Just to be clear: as one who has concluded that Anthropogenic Climate Change is expressing a very clear signal, with all the work done to lay a framework for confusion by Western Fuels Association, et al, I’d think that opposite point of view–in the relativistic world of argument–in lieu of the true evidence realm of science–would be a piece of cake… If you opponent makes headway, retreat to the simple message s you have made easy pickings for the audience.

    Key message words are: common sense, proven variability, obvious.

    [Response: Good advice, but don’t follow it all, Jamie. Don’t cite Lindzen’s so-called “Iris Effect”, because it does not support your claim that global warming is normal – rather it means that global warming cannot happen because a strong negative feedback prevents it. -stefan]

    [Response: Yes, the Iris effect, if correct, would seem to indicate that global warming cannot occur by ANY means, natural or anthropogenic. It raises the question of how we got out of the last ice age, how Cretaceous climates got warm, etc. If one accepts that there is indeed a 20th and 21st century warming trend, the Iris idea would make problems for any plausible explanation for the trend, not just anthropogenic greenhouse gas increases. I’m somewhat caricaturing the implications of the Iris, but not much; these considerations point in the right direction to see where the problems lie. –raypierre]

  2. 52
    Hank Roberts says:

    Chuckle. Don’t bother, single-letter domains aren’t used.
    Domain Name: B.COM

    [Response:I think that was Ray’s point. We would not publish someone’s real e-mail address without their consent. -stefan]

    [Response: Exactly. In fact, to make sure I wasn’t jumping to conclusions, I verified that this was an invalid email address before posting it. If it had checked out, of course I wouldn’t have posted it. –raypierre]

  3. 53
    Matthias Brun says:

    About the climate debate being “just” an unproven theory: considers this extended Gaia-theory. To the open mind it will maybe put the whole climate debate in a greater context.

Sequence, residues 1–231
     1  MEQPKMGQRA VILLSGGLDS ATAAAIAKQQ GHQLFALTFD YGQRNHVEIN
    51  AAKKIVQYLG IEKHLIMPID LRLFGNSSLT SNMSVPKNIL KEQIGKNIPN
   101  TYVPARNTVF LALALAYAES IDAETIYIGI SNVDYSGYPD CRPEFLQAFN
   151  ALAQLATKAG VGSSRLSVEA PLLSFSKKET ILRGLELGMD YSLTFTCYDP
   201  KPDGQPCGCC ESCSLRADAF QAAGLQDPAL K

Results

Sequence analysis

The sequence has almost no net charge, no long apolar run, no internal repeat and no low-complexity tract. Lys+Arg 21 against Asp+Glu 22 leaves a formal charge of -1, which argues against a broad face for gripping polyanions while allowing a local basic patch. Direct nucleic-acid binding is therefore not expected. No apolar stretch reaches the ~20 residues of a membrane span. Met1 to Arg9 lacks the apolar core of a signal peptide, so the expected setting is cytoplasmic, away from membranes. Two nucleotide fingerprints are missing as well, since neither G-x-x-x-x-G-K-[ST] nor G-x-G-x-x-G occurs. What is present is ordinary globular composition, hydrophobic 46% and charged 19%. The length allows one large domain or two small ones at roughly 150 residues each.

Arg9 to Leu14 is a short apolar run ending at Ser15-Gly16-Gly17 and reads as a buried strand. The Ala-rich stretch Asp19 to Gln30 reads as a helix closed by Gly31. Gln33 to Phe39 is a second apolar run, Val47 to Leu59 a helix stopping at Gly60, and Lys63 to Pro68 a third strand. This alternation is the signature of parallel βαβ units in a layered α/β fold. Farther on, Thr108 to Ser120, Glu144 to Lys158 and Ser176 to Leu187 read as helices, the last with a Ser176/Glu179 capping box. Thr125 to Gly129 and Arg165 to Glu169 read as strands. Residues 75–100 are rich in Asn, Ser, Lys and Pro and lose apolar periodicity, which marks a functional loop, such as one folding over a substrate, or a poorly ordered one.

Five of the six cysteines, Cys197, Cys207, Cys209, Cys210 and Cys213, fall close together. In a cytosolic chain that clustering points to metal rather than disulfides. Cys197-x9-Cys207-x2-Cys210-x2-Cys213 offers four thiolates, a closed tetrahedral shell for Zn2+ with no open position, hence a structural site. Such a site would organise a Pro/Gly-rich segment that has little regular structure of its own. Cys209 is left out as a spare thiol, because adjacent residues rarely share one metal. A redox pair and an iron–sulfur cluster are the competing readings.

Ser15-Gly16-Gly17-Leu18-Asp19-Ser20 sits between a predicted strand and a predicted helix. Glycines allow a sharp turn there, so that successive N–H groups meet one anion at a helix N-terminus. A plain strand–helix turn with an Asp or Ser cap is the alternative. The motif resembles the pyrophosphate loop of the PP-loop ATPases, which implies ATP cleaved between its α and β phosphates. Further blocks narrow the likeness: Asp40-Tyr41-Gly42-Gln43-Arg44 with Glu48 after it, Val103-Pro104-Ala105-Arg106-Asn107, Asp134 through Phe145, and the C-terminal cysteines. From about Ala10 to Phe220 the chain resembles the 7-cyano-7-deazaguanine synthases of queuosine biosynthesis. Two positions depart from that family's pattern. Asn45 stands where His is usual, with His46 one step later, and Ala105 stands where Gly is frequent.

So consider this: the earth got a consciousness, so do we as mankind. What if mankind recently declared itself ready to learn â?? then mother earth will answer, of course in its physical boundaries. So we get what we asked for. And it will lead to a massive rise in consciousness instead of self-destruction.
    With Central Europe on the doorstep of another century flooding that is exactly what is happening right now in Europe. And what will happen in the U.S. once the next big hurricane will hit this year: another wake-up call from mother earth to mass consciousness. So wait and see: considering the law of time ( and the physical boundaries it might as well be the 13th month this year for you guys. Yes 13 months or moons, this is the natural time, it is the rhythm of biology, the rhythm of the female cycle as well. Change your time, change your mind, and change what will be materialized out of the flow of time. There is even a U.N.-petition you can sign in to change the calendar 2012. And with the fall of the modern Babylon towers (9/11) the old artificial time table originating from Babylon has fallen already. Like rats in a most of purely mind-oriented mankind just has not taken notice yet.
    Yes this is only a vision: the closing of the (26â??000year) cycle in 2012/2013. But it is the only one I know, that is able to turn around the steering wheel in due time.
    Well of course it is easy to say: this is nonsense. But maybe you consider it as a wake-up call as well and first you just study the subject, then you study your soul and get within the flow of time. After that you will maybe not only know, but just feel earth consciousness. And instead of making pictures of a deadly Tsunami approaching you, you will be able to read again the signals of the earth and like the natural people find shelter on higher ground way before the Tsunami hits. We call it telepathy or telepathic synchronisation, and of course it works (for your scientific mind consider the results of quantum physics), you will find out eventually.

  4. 54
    Hank Roberts says:

    Jamie, read Bill Ruddiman’s piece here. You can argue right off a big graph that what’s natural is sudden fast heating episodes followed by long slow erratic cooling periods — and the only exception on the chart starts about 8000 years ago with human activity. Up through around 1970, over 8000-odd years, humans burned up X amount of carbon (agriculture, logging, burning, erosion, siltation, killing things). Instead of a long slow cooling after the last ice age ended 8 to 10 thousand years ago, we got a long steady stretch of climate with a few bobbles in it.